Cotton's Week September 21, 2001

Cotton's Week September 21, 2001

Cotton's Week: September 21, 2001

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Impact of USDA Farm Policy Book Uncertain

Ag Secretary Veneman released USDA paper, "Food and Agricultural Policy,Taking Stock for the New Century," prompting debate within agriculture community on position of USDA on farm bill. Document takes broader view of US agriculture without offering any specific recommendations on policy.

Stressing diversity of agriculture, document asserts that "one-size fits all" farm policy will not work for today's agricultural sector. Booklet offers description of farms across US, their structure and their contribution to overall agricultural production. While stating that farming itself employs only about 1% of workforce and accounts for less than 1% of gross domestic product, statement asserts that it nonetheless is "the critical component of the entire food and fiber system …that contributes $1.5 trillion (16% of gross domestic product) and employs 17% of the labor force. Helping this system remain efficient and competitive globally, especially as markets shift from commodities to high-value products, is not only critical to the financial well-being of farmers, but also very important to the US economy."

Parts of document that stress importance of conservation and environmental stewardship were seized upon by some environmental groups as evidence Bush Administration will work to change balance of support in agriculture from farm programs to conservation/environmental programs and have provided some ammunition to conservation amendments in House. Statements in document describing structure of farming in US and emphasizing different needs of commercial-sized operations and smaller, "rural-residence" farms have been reported as evidence Bush Administration favors more targeted approach to farm policy.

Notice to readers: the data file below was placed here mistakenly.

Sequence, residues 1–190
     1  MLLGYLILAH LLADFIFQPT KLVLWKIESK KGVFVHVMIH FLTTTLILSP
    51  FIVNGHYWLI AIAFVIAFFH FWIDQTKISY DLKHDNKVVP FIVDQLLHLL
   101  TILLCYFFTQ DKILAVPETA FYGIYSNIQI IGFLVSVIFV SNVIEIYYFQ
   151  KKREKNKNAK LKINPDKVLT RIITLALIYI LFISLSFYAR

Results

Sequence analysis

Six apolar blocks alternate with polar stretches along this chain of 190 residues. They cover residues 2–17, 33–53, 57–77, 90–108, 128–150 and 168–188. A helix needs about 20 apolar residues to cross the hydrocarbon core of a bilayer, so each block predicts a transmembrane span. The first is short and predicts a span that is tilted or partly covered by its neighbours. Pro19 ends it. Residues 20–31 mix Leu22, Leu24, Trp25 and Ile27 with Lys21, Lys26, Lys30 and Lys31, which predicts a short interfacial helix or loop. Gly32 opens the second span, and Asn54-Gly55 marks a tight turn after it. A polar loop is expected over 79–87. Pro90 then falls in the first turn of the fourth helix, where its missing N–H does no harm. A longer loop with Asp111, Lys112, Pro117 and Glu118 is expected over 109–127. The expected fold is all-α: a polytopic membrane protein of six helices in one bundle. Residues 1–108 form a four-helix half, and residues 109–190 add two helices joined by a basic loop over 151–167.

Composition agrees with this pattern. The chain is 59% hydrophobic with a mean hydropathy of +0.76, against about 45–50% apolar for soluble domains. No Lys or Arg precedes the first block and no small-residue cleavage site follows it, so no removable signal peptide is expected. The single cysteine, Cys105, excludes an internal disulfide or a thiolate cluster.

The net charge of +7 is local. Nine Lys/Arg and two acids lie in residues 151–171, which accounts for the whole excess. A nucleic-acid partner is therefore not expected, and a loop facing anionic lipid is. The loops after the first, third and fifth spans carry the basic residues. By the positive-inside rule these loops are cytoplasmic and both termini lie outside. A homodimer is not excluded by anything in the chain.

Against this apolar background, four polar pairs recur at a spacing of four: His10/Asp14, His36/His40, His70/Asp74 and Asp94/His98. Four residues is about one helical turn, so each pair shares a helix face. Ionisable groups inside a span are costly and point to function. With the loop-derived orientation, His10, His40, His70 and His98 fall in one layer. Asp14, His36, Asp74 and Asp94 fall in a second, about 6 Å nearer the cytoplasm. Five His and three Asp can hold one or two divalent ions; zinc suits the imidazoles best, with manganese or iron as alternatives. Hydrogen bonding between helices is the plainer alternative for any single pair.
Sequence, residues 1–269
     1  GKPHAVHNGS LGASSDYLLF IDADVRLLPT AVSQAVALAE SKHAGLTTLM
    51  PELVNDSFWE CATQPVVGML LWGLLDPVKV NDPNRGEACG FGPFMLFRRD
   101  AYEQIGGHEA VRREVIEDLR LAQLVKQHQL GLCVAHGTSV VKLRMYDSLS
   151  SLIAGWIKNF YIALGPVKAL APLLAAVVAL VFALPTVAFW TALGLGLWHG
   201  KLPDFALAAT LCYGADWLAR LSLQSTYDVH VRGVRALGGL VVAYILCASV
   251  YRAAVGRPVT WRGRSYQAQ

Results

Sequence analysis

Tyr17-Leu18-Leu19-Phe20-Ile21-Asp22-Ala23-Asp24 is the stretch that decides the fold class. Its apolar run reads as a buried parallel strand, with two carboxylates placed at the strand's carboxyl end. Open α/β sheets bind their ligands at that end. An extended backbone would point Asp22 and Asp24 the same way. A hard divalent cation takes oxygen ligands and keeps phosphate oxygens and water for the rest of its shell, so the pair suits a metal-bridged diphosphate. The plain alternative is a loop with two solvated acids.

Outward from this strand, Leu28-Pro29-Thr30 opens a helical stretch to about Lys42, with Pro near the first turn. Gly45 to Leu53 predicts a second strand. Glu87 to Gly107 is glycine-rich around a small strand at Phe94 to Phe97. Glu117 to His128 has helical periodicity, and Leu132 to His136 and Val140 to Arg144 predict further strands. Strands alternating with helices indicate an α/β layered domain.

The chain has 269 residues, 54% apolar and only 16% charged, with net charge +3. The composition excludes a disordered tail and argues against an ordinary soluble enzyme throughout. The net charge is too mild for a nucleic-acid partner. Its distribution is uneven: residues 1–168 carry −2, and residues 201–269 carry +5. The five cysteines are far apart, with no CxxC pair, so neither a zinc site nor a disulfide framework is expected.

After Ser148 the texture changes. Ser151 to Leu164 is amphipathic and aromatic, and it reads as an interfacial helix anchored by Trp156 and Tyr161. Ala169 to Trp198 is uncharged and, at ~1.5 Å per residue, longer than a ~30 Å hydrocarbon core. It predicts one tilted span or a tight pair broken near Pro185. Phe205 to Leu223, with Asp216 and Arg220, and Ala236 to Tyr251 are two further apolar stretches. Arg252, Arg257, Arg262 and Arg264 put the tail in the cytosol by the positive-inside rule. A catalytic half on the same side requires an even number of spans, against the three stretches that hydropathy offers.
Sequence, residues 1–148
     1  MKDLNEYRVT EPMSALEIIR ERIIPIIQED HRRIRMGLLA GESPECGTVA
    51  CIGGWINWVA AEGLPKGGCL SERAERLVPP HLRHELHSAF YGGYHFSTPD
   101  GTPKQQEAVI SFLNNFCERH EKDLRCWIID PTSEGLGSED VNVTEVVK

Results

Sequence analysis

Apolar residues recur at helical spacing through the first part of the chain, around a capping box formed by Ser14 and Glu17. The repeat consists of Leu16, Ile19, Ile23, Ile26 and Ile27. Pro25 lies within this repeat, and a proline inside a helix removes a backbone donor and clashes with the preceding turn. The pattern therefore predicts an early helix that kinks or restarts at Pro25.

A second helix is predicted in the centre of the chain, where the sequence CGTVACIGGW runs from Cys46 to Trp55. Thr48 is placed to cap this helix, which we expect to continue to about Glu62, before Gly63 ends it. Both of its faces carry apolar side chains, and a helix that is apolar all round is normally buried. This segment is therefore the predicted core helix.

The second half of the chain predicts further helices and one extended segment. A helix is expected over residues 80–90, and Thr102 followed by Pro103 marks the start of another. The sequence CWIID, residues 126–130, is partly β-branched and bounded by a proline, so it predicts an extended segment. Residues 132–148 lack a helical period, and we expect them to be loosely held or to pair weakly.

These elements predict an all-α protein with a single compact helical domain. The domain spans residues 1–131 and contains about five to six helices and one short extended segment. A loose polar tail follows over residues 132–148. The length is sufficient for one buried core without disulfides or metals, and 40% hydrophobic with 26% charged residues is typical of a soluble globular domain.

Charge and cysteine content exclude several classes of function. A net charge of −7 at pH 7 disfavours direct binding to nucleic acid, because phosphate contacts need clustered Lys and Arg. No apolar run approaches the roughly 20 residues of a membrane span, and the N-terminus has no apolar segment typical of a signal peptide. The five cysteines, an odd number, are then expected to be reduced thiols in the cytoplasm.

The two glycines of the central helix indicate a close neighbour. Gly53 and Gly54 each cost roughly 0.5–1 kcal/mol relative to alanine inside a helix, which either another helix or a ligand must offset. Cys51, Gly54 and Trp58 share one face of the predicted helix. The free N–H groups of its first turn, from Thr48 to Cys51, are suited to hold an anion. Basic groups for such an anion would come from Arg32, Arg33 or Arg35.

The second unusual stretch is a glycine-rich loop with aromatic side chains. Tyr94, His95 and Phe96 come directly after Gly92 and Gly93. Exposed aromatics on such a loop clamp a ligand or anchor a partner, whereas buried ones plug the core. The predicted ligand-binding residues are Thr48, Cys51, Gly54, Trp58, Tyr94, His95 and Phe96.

However, House Agriculture Committee Chairman Larry Combest (R-TX) stated that principles and ideas put forward by USDA "are fully consistent with goals of H.R. 2646, the Farm Security Act, which has been passed by the House Agriculture Committee."

Similarly, NCC Chairman James Echols stressed USDA booklet was designed to view agriculture from strategic standpoint and did not contain specific policy recommendations. He noted that USDA's document focuses on such critical issues as offering safety net in times of financial hardship due to factors beyond producer's control; balancing support between commodity, conservation, trade and infrastructure; promoting competitiveness; and adopting flexibility and cropping choice as hallmarks of US policy.

"These critical areas were addressed by the House Agriculture Committee in H.R. 2646," said Echols. "The farm bill being developed in the House provides support to the sector across a broad front, with emphasis on farmers, conservation, research, nutrition and international trade. The House already has taken significant steps toward addressing risk management in agriculture and improving policy on several other key fronts. We are moving in the right direction on farm policy. The USDA document provides more information and insight that will help Congress in its overall effort to return US agriculture to financial health."

Democrats Call for New Farm Plan in ‘Principles’ Document

Democratic Policy Committee issued "Democratic Principles for a New Farm Bill," which states that ’96 farm bill has proven to be failed policy requiring series of ad hoc disaster bills. Senate Democrats call for new plan rather than small modifications.